OPCs  & Diabetic Retinopathy

Diabetic Retinopathy and OPC's
     
Diabetic retinopathy is a disease of the eye caused by the degenerative effects of diabetes mellitus. There are basically two types of diabetic retinopathy, the background type and the proliferative type. The background type is characterized by microaneurisms (small sacs which develop as a result of excessive vascular dilation), intraretinal hemorrhages, yellowish waxy exudates, and swelling of the macula. The proliferative type is characterized by the development of new vessels in the retina and disk, proliferation of fibrous tissue, vitreous haemorrhage and detachment of the retina. In either case, diabetic retinopathy is one of the primary causes of blindness, and any agent that can help to stem the effects of this disease is of value.

In a study of 26 diabetic ophthalmic patients, 100 to 200 milligrams per day of Dr Masquelier proved OPC to be of therapeutic value in controlling vascular incidents which are part and parcel of diabetic retinopathy Several weeks of treatment resulted in noteworthy improvement of vascular incidents, with reduced microaneurisms and diminished exudations, and overall improvement in capillary fragility Another study of 30 diabetic ophthalmic patients tested the effects of a daily dose of 150 milligrams of OPC, compared with a placebo. OPC treatment resulted in stabilisation of lesions in 60 percent of cases, versus 47 percent for the placebo group OPC conclusively demonstrates value in controlling key events in diabetic retinopathy by stabilizing microcapillaries in the retinal membranes of a significant number of diabetic people who have this problem. Based on these findings. OPC should be part of the daily nutritional regimen of every diabetic person.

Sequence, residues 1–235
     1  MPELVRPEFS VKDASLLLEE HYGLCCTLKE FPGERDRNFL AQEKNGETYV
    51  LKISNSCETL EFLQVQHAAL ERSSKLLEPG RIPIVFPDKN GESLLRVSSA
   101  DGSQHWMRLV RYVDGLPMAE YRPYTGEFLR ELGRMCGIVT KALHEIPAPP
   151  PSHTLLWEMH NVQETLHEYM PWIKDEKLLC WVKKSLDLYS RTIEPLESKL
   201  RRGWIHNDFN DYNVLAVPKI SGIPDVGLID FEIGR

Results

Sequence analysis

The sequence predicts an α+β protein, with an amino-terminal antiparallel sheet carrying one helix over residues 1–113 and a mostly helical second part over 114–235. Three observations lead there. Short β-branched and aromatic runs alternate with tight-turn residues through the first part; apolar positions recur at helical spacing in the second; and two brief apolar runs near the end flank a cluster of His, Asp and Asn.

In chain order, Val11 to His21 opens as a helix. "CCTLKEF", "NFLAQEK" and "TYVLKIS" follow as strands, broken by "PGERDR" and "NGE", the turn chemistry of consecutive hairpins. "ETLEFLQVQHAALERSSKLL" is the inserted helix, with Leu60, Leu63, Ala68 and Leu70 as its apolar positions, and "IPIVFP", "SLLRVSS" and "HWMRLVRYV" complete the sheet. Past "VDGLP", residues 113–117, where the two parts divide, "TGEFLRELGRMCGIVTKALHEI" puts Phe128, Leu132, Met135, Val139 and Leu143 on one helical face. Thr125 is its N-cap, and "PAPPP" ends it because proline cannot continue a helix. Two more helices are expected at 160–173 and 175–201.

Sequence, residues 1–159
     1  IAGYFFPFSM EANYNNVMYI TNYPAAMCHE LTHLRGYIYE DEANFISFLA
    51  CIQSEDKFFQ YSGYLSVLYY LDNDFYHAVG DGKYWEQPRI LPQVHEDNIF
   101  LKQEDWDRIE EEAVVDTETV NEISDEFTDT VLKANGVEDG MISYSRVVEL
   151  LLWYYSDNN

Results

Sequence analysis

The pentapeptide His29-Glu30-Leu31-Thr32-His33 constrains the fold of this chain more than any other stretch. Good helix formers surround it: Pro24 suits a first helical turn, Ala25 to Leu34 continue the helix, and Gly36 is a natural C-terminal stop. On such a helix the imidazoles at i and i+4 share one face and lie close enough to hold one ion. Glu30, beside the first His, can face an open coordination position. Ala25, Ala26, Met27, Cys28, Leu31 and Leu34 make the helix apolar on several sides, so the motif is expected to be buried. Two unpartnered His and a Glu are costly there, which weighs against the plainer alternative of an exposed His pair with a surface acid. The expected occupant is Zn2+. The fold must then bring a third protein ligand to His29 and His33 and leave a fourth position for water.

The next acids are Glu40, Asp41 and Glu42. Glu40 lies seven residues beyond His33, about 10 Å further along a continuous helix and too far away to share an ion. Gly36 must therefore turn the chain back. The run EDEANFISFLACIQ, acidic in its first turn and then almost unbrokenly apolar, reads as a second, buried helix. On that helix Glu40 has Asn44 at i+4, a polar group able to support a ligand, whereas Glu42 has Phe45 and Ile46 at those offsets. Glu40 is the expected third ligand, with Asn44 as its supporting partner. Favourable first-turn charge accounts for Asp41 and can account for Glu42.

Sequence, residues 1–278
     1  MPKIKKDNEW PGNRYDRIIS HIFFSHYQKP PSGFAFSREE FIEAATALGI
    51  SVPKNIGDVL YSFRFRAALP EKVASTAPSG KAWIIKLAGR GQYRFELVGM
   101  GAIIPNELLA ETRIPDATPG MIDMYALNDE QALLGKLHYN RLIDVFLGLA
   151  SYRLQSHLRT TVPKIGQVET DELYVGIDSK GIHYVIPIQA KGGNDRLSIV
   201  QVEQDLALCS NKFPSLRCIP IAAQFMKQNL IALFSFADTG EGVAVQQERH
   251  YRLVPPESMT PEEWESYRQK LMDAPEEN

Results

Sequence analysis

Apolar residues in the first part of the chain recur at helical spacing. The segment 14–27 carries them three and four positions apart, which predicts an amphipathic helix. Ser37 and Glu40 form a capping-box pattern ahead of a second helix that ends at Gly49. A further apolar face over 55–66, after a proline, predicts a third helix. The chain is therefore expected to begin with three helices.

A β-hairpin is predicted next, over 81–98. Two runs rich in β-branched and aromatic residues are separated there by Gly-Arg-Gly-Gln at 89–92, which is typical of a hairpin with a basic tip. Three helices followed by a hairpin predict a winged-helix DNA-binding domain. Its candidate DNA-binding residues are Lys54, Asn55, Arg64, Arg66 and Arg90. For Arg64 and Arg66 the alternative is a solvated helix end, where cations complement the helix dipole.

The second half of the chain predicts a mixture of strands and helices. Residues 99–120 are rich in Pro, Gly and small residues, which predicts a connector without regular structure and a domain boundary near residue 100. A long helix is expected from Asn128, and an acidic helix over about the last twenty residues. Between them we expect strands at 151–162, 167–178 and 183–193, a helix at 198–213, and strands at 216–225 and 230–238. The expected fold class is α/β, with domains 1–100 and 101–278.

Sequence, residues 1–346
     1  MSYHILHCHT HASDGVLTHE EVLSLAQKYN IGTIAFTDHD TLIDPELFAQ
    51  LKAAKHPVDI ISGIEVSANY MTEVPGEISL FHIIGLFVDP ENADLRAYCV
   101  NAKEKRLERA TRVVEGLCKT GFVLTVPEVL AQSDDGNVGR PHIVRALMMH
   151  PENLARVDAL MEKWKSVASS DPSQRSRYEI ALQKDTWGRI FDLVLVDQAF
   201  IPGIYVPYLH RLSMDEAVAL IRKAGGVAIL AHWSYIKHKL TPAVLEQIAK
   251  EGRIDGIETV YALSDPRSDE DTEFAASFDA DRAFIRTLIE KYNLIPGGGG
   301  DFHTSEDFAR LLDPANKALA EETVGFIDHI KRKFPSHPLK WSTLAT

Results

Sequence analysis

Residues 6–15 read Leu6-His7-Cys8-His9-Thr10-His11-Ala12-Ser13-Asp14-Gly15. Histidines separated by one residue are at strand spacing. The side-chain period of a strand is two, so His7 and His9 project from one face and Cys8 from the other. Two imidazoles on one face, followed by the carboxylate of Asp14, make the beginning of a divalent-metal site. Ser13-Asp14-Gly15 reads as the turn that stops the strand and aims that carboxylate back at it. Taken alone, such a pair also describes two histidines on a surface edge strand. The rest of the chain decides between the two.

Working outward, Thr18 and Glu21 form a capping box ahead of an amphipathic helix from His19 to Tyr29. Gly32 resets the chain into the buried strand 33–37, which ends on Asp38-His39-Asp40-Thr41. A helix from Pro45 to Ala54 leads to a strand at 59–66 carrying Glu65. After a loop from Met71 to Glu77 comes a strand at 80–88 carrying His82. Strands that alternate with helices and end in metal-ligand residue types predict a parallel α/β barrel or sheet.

The health of the eyes depends to a great extent on the integrity of the fine vessels that supply blood to that area. Dr Masquelier demonstrates the capacity of OPC's to improve visual performance in two ways. In a study of 100 workers who sit in front of computer screens or drive for a living, the administration of 200 milligrams per day of OPC enhanced visual adaptation from bright light. This is the ability of the eyes to see well in a low-light situation after being adjusted to bright light. In the eyes, a substance known as rhodopsin, or visual purple, is the agent which affects visual acuity in low light. Rhodopsin is made by vitamin A, which is the reason that vitamin is closely associated with vision. OPC appears to enhance the speed of rhodopsin activity making it easier to go from high to low light. Here we see synergy with yet another vitamin. Just as OPC enhances the activity of vitamin C, it enhances an important function of vitamin A.

In another ophthalmic study of 147 patients, a daily dose of 100-150 milligrams of OPC showed value in the treatment of many retinopathies of diabetic, arteriosclerotic, inflammatory, degenerative and myopic origin.

Furthermore, OPC has been shown to reduce pressure in ophthalmic membranes by preventing abnormal leakage of fluids into the orbital cavity and tissues.